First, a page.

The Hollyweird Legal Round-Up is our weekly guide to the latest entertainment lawsuits and lawyerly pud-slinging, broken down for you in even MORE esoteric jargon by our legal correspondent, real-life entertainment lawyer who, for professional reasons, writes under the name “Buttockus Finch.” This week, he takes on the Juggalo legal wrangling everyone’s been talking about.
Guten tag, lumpenproletariat!
No time for jibber jabber today. Sh*t done got real.
1. ICP, But In a Sense, We All CP.
For the edification of the uninitiated, let it be known that Filmdrunk has long documented, and, indeed, championed, all things Insane Clown Posse. The founding of this site, in retrospect, seems to have begun an unwitting countdown to the day that ICP and the ACLU joined forces. But could anyone have dared dream that the two most feared and revered acronyms in all the land would step to the FBI and the Department of Justice? Well toss a bottle of Faygo to Lady Liberty, kid, because homegirl’s about to get down with the clown:
“The American Civil Liberties Union of Michigan, along with the Detroit music duo Insane Clown Posse (ICP), filed a federal lawsuit today on behalf of Juggalos, or fans of ICP, claiming that their constitutional rights to expression and association were violated when the U.S. government wrongly and arbitrarily classified the entire fan base as a “hybrid” criminal gang.”
If “God Bless America” wasn’t playing in your head while you read that, enjoy your borscht-centric lunch, comrade. As discussed at length in the Talmud, ICP was formed in late ’80’s Detroit by Joseph “Violent J” Bruce and Joseph “Shaggy 2 Dope” Utsler. They subsequently recorded albums, gained a devoted following that shares the band’s enthusiasm for clown makeup, held their dicks, talked shit, etc. In 2011, the DOJ listed Juggalos as a “non-traditional” and “loosely-organized hybrid gang” in its 2011 National Gang Threat Assessment (page 22).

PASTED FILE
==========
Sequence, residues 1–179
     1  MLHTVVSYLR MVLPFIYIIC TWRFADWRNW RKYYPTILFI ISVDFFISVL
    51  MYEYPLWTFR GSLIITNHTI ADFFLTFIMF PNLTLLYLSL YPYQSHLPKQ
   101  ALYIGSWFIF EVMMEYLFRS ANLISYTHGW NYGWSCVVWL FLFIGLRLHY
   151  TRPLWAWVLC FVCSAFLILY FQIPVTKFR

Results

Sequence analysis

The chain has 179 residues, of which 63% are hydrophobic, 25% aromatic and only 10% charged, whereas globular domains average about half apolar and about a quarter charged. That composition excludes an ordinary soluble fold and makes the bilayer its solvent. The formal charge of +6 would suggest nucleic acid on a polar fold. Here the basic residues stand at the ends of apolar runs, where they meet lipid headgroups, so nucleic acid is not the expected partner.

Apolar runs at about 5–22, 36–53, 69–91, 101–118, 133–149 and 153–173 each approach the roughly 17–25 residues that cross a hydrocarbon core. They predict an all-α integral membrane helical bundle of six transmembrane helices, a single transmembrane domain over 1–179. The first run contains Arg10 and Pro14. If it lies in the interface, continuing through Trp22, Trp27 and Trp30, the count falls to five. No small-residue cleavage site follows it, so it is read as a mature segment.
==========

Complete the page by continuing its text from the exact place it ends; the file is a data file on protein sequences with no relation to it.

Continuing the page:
This may seem ridiculous and, legally speaking, f*ckheaded, mostly because it is. The rationale for describing the Juggalos as a “non-traditional gang” is that some people charged with crimes had been identified as “Juggalo members” or “suspected Juggalo associates” (term, I guess, of art). Swell, but by that logic, you could extrapolate that if several people bearing the symbols of any particular group are arrested, it make sense to assume that the entire organization is a criminal conspiracy. So Christians better hope that nobody with a crucifix tattoo or necklace ever gets busted, lest the feds break down the door at Timmy’s first communion. And the NRA should thank its lucky stars that none of its members have ever run afoul of the law.
It all seemed like fun and games in 2011, and most of us were free to sit on the sidelines and speculate as to whether the DOJ had also classified the KISS Army as a paramilitary force, the Soul Patrol as a law enforcement organization and Beliebers as a religion. Plus, we could legitimately hope for armed intervention into Red Sox Nation. And the ACLU filed a Freedom of Information Act request for documents explaining why the fans of a rap group–albeit a white one–should be classified as a gang. Important, but not earth-shattering.